Yarl’s Wood 14

I’m getting rather used to the ride from Bedford Station to Yarls Wood, going up through Clapham and then a mile or so on a cycle path beside the A6 befgore turning up the hill from Milton Ernest to the meeting point for protesters in front of the Twinwoods gates. That final hill is long and steep, though it’s something of shock to look at the OS map and find I’ve only climbed around 45 metres (around 150 ft) as it feels much more.

This was the 14th protest that Movement for Justice have organised, bringing many former detainees with them, with coaches from London and elsewhere. I could have joined them in London, but that would add another 3 or 4 hours to what is already a long day for me – and one that leaves me with perhaps another 3 or 4 hours to select, process and caption the pictures I’ve taken. It would be rather quicker if I didn’t keep dozing off at the keyboard while doing it, my finger on a key sending Lightroom into a frenzy of paging through the images which takes minutes to recover. And sometimes the doze is deep enough for my nose to hit the keyboard…

MfJ have come in for considerable criticism following their treatment of one member over a personal issue, which has led to a number of groups refusing to work with them. While some of the criticisms appear to be justified, others suggested a remarkable ignorance about the organisation, which has never hidden its background and organisation. It isn’t something I would join, but I admire and am happy to support the stand they have taken on several issues, and particularly on immigration and immigration detention.

But the controversy has meant smaller protests at Yarls Wood, which is a shame, although there has been a rival protest on another date which perhaps helps to keep up the pressure on the issue. And the absence of some of the other groups has made the evident support that the MfJ gets from former detainees even more obvious. However MfJ decides on and organises the events, it is the former detainees who make the great majority of the speeches and lead most of the chanting and other activities during the protests, and my pictures show this clearly.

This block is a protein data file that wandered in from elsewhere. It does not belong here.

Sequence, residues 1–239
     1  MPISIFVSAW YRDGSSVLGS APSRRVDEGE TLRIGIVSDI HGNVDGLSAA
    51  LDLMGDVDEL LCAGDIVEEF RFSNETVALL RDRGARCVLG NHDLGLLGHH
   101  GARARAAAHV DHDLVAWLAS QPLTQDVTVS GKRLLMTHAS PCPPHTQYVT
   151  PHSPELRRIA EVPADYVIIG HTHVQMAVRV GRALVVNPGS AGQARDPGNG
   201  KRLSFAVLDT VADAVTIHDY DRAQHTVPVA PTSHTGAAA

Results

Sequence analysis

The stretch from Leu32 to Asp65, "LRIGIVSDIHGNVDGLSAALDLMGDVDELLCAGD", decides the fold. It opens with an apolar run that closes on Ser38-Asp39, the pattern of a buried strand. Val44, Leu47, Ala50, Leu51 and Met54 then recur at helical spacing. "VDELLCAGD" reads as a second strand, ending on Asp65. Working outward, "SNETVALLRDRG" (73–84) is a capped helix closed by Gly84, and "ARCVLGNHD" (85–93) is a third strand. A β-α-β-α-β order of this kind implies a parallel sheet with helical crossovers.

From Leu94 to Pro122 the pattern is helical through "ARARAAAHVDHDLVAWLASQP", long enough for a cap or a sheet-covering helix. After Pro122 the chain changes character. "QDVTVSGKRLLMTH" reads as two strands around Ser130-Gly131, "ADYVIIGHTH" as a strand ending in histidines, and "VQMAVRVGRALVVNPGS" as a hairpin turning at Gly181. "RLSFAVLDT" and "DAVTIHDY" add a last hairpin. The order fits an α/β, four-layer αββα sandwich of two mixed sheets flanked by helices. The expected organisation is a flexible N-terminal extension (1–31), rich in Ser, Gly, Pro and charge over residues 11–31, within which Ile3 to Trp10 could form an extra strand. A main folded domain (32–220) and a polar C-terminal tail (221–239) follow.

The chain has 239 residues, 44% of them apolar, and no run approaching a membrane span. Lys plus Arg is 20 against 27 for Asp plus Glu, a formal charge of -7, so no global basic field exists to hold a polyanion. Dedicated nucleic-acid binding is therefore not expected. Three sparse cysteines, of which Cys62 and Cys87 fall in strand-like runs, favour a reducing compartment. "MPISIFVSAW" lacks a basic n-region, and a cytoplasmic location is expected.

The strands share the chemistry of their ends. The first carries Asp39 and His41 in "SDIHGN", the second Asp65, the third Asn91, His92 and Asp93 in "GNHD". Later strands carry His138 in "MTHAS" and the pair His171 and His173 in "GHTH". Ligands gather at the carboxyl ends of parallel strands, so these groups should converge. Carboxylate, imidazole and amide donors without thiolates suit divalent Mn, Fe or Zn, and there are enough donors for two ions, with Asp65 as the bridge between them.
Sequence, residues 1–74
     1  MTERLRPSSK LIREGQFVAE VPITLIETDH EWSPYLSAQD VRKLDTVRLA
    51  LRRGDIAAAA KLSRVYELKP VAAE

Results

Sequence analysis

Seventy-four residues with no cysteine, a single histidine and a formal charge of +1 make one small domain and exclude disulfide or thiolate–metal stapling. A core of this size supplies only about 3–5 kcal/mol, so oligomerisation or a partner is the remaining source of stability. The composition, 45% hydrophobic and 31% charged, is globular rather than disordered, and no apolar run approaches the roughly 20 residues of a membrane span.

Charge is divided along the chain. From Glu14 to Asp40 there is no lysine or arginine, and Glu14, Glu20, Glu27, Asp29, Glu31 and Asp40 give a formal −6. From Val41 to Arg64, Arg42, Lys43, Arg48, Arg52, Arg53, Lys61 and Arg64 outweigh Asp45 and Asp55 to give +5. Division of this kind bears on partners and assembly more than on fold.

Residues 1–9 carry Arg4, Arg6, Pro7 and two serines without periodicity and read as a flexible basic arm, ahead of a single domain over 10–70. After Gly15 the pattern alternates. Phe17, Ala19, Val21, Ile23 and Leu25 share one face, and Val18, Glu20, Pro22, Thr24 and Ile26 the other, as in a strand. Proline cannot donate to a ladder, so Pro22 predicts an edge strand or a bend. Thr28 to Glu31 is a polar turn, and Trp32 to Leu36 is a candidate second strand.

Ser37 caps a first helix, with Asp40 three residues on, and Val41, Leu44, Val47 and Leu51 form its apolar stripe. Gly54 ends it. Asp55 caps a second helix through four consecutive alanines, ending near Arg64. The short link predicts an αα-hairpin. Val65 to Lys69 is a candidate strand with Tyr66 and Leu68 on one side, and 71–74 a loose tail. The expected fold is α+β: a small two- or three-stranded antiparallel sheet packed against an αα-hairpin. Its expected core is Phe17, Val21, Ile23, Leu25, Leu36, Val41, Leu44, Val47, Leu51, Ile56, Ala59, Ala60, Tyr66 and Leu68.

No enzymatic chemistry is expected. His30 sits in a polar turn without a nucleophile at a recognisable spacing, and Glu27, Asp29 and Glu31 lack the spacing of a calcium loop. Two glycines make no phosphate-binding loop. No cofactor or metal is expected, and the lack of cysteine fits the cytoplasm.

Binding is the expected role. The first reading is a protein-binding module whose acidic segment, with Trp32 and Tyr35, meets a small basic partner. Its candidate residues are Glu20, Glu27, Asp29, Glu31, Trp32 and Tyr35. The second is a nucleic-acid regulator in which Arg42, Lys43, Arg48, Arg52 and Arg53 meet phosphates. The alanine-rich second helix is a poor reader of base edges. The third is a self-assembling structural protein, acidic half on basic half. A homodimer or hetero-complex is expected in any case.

It’s clear too how welcome the protests are to those people, women and families, held inside Yarl’s Wood who are able to get to one of the windows which overlook the protest, or to make contace with the protesters by mobile phone, despite the efforts of the guards inside to keep them away. It’s difficult to photograph the windows through the close grid of the top 10 feet of fence, and the windows have limiters to only allow an inch or two of opening, but one woman has managed to get both hards through the narrow gap and make a heart shape with her fingers, surrounded by messages for help.

It’s something of a trek back from the field where the protest takes place to the road, through several fields and a short stretch of byway, and the fields are heavy going on a bicycle, often easier to get off and walk than to try and ride.  It it’s been wet there is mud which is slippery and soon builds up between wheel and mudguard on the Brompton, stopping the wheels from turning, and when the ground is dry the mud hardens into ridges and furrows which jolt the arms and can even throw you off the bike.

But once back on the road you can relax in the long downhill stretch to the A6,  though it’s annoying to have to brake for a few wiggles as you get near the main road. And when you leave the A6 cycle path to go up to the old road trough Clapham the first quarter mile is a steep climb. I have cycled all the way up, but its taxing, and this time I got off and walked, and even that was exhausting. But then its largely a gentle downhill all the way to the station and I had plenty of time to relax on a slow train to St Pancras.

Shut Down Yarl’s Wood 14


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